The city was a ghost town. Smoke rose from the still-smoldering ashes of blasted city-blocks and toppled skyscrapers. The inhabitants had put up a good fight, but it had been ultimately futile. None could resist the onslaught from above. It had been a reckoning.
From above, the destruction seemed to stretch forever in every direction, and though defeated, survivors yet remained hidden within the ruins. They were now the objective of Stage Two’s mop-up crews. Foot-soldiers prowled the empty streets rooting out their quarry and the nights were haunted by the screams of those they found.
For T-117, his role was simple – survey the South-Eastern quadrant of the city from above and assign units as necessary. Equipped with an array of sensors and detection mechanisms, the quadrant had been cleared block by block. It was his single purpose.
T-117 floated above the city, observing all below. He was suspended by a propulsion system, the technology of which was far beyond the understanding of the primitive local species. It allowed him to glide effortlessly and without so much as a whisper. Like a breeze upon the air, he could approach a target before they even knew he was there.
His form was sleek and elongated, covered in a fine silvery sheen. Within his armored exterior, biology intertwined with machine such that the two were one. He was the pilot and the craft, there was no distinction. The craft’s sensors were his eyes and ears, and nothing escaped his notice.
His present target was a group of three locals who crept from cover to cover amidst the empty streets, oblivious to his eyes. This particular district had gone relatively untouched by the fury of Stage One’s assault, by comparison to some of the other districts at least, and survivors were a more common sight. As such, the area had required extensive cleansing by the clean-up crews over the past several days. Like ants, for every one that showed its face, a dozen more lay out of sight in need of uprooting.
T-117 didn’t mind though. He enjoyed his work, and found the persistence of these creatures fascinating in a way. It was perhaps a flaw in his breeding that he took more interest in his quarry than was intended, but as long as he met his quotas, his superiors paid his eccentricities no mind.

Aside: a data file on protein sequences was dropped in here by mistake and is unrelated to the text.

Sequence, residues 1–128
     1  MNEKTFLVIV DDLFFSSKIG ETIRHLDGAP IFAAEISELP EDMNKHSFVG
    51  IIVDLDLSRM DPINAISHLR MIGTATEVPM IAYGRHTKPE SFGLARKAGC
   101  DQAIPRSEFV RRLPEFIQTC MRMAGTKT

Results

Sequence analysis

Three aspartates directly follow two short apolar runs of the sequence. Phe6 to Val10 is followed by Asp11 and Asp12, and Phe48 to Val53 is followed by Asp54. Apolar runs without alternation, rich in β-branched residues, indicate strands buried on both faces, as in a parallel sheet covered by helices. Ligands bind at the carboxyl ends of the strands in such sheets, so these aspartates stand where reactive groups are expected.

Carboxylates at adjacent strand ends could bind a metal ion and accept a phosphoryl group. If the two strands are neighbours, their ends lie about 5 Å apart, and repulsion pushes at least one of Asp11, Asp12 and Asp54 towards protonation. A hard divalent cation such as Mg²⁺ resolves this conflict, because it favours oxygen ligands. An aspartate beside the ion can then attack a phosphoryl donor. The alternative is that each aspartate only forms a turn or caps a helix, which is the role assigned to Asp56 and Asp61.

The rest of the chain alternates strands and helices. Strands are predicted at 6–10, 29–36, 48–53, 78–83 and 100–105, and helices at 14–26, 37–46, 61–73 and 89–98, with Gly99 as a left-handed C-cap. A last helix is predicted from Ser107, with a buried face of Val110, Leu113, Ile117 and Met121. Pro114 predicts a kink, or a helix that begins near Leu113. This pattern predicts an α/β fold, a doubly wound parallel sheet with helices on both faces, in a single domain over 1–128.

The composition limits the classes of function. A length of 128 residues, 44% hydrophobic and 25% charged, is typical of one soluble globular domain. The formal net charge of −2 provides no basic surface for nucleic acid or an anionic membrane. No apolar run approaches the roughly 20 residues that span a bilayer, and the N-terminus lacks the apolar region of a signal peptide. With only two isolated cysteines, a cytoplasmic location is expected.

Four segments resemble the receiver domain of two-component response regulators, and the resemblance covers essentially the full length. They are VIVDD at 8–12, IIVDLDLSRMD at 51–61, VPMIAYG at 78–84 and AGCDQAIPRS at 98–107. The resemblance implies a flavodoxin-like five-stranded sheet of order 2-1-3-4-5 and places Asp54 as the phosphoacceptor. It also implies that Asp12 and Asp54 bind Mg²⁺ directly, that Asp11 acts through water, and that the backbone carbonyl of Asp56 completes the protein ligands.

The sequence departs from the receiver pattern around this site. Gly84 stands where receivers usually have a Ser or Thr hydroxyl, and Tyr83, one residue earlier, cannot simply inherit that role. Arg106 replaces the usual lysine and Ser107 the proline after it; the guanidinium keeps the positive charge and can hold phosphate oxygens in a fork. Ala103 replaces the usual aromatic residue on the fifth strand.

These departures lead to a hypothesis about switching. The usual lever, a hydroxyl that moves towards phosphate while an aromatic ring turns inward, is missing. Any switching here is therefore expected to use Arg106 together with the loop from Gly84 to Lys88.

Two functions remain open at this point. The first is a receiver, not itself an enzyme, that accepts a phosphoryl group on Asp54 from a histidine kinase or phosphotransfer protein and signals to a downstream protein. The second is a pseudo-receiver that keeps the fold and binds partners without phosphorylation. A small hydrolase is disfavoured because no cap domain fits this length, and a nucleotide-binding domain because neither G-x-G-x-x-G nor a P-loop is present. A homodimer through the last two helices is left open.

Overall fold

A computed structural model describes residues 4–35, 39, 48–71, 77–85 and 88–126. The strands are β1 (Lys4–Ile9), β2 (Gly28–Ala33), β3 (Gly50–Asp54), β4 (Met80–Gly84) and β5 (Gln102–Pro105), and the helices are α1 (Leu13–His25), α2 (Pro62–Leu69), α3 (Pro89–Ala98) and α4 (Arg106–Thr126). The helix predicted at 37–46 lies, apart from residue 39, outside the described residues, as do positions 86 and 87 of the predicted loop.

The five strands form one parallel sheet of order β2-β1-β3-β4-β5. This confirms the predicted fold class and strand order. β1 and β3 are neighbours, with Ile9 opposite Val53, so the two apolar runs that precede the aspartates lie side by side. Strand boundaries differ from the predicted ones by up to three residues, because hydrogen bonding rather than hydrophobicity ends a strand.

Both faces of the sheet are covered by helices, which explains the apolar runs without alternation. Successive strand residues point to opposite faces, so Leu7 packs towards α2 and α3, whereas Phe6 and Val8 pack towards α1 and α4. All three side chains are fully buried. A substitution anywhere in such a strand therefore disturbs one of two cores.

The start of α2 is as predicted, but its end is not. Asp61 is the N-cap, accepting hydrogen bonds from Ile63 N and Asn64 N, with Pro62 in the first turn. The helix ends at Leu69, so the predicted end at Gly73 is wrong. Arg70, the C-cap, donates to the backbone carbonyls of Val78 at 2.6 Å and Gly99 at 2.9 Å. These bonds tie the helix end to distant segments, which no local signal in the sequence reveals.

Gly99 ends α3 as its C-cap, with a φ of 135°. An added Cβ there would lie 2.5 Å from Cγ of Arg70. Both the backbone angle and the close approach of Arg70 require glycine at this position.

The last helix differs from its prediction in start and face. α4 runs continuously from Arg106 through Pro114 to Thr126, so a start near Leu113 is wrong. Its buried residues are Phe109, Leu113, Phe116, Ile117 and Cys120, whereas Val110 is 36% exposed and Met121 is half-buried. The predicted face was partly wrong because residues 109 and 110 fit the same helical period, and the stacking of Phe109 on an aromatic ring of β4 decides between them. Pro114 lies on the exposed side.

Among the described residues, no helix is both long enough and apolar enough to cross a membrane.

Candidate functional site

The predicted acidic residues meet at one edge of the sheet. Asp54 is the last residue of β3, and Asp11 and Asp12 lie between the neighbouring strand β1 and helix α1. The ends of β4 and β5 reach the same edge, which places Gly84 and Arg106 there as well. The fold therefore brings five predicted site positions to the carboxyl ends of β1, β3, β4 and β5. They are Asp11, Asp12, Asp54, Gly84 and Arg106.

He liked to toy with his prey; watch them scuttle about in their fruitless efforts to evade capture before springing his trap. These specimens were no different. They had been looting supplies all day and he had allowed it. He was in no rush to send in the hounds just yet; let them writhe in their last hours of pitiful existence. If he possessed a mouth, he would have smiled.
His targets entered a building, yet another stop on their circuit, but he anticipated it to be their last. He had seen enough. There was no need to drag out the inevitable any longer. T-117 moved in closer, descending from the clouds to street-level at impossible speed.
His sensors scanned the building. At this range, every detail was revealed before him in the minutest of details. He saw their every motion within. Their movement was erratic as they stripped the bottom floor bare. After a while they stopped to relax. His ears overheard their words, a harsh and inefficient language which offended his sensibilities.
His superiors had deemed it unnecessary to interpret the languages of these primitives, being unworthy of any cultural assimilation as they were. T-117 on the other hand took certain liberties. He analysed their speech patterns as he had done so many times before.
It paid to understand one’s prey, regardless of their status, and it made the hunt all the more enjoyable to listen to their desperate pleas for mercy when at last he came for them. The language these three spoke was different to most of the others, but no less crude. They said nothing of substance and he soon tired of mere observation. It was time to watch them squirm.
He powered on his search-light through the windows in a sweeping pattern and his sensors detected their vain efforts to hide. The light passed over their hiding places but he pretended not to see. Pathetically predictable he thought of them. Which would be the first to run?
to be continued…